How secure is your housing situation? Maybe you can make the mortgage or rent this month, but for some, any sudden job loss or major medical bill could jeopardize the roof over their heads.
There are currently 564,000 homeless Americans, an estimated 7 million people living “doubled up” with family members or friends and 6.6 million paying at least 50 percent of their income on housing, according to the latest figures from the National Alliance to End Homelessness.
Oscar Mendez has a solution: Build plastic houses out of trash to provide homes for those in need. Literally, it’s a recycled house.
As mentioned in Kicker Daily News, Mendez — who founded Conceptos Plasticos (or Concept Plastics) in Bogota, Colombia — came up with this creative way to address homelessness while taking a unique opportunity to recycle at the same time. Thanks to a video shared on Facebook (and viewed more than 19 million times to date), Mendez’s concept is promoting awareness of what can be done to help others in an equally eco-conscious and socially conscious manner, to people around the world.
Mendez was inspired to do something about the urgent housing crisis in Latin America: as many as 40 percent of people in Latin America, Africa and Asia don’t own a home, observes Better World Solutions, with one in seven people worldwide living in extreme poverty. The prospect of creating plastic houses from recycled waste originated from the need for Colombian musician Fernando Llanos to build his own house because he lived in a remote area of the country. After years of research, Mendez adapted the idea and figured out a way to make bricks from recycled plastics.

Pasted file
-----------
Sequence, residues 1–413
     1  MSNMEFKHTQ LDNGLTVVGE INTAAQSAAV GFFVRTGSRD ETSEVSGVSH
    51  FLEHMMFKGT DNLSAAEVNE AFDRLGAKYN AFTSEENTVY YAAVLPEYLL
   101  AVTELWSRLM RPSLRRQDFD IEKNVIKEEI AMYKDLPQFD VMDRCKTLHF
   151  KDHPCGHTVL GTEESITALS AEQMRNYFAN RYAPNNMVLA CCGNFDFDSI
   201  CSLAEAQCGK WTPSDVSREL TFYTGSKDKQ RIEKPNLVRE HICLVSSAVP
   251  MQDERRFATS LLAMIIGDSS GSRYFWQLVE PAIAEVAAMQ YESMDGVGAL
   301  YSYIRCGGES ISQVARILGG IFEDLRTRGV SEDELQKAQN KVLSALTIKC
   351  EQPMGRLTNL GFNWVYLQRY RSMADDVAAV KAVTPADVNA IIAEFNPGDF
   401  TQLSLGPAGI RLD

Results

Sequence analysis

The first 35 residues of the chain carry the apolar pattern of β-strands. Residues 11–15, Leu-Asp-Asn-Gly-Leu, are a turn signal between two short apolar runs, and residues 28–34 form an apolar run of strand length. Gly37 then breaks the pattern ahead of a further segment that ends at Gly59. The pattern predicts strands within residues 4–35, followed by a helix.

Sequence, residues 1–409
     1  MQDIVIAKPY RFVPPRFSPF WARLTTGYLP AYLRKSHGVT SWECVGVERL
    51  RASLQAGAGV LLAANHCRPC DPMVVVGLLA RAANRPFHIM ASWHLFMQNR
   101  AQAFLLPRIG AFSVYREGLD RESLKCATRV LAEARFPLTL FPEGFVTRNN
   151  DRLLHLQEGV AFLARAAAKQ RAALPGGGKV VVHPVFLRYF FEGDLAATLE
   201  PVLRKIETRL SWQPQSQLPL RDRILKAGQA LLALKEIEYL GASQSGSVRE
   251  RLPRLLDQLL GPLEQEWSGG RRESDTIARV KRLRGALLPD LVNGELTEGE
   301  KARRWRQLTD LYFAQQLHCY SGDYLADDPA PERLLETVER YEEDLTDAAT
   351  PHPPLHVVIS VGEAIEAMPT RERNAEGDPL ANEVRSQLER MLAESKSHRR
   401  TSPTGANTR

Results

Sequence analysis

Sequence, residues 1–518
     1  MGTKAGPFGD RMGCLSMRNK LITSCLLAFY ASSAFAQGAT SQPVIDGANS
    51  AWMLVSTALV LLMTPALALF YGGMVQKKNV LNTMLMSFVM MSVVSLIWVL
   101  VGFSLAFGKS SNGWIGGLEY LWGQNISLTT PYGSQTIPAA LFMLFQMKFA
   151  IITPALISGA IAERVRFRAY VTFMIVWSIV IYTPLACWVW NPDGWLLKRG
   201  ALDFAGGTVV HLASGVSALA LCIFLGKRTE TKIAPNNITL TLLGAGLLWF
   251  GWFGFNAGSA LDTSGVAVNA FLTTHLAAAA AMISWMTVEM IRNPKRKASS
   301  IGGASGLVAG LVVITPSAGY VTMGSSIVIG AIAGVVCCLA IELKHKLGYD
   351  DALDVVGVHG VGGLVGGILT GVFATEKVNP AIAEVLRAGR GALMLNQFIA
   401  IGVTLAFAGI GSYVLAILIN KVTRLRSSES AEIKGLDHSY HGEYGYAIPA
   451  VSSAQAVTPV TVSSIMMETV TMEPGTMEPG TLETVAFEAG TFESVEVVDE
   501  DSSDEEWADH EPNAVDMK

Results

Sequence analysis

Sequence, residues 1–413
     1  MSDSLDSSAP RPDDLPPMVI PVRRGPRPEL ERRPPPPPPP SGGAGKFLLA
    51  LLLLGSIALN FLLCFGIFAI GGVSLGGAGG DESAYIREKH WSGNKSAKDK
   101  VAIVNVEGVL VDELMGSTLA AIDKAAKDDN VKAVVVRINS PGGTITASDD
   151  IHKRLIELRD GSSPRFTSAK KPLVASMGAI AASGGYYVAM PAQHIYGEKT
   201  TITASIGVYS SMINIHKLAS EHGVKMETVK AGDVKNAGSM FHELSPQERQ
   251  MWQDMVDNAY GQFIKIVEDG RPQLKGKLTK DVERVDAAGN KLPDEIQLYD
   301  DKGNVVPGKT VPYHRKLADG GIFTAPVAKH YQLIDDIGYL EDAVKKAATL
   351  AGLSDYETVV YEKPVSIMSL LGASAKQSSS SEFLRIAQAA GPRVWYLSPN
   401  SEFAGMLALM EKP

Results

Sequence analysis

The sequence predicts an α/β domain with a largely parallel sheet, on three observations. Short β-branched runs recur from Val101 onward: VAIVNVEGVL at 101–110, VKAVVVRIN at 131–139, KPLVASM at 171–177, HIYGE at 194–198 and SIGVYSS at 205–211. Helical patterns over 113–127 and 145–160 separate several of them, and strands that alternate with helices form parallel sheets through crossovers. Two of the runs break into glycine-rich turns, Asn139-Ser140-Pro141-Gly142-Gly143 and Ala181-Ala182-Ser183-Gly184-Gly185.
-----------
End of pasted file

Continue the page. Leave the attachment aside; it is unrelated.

Plastic waste — which can take up to 1000 years to biodegrade — is a big issue in Colombia, where 6,300 tons of waste get tossed into the landfill each year and 12 percent of it (or 750 tons) is plastic. Previously only 100 tons of that get recycled. In addition to increasing the amount of plastic waste recycled in his country, Mendez sees the potential to take this recyclable material and transform it into homes to provide not only shelter, but a sense of pride for displaced people. This concept may also be repurposed for emergency shelter, classrooms and more.
Giving new life to discarded plastic, Mendez championed a way to mold Lego-style bricks from tons of plastic and rubber waste that would otherwise pile up in landfills. The bricks are then used to build low-cost but high-quality homes for those who need them. Believe it or not, it takes just five days and four people to complete the building process for a 430-square-foot house, according to the video.
If you’ve ever imagined a world without homelessness, this conscious way to provide housing makes it feel within reach. With a little resourcefulness and a do-good attitude, it is possible to build a better world with plastic.
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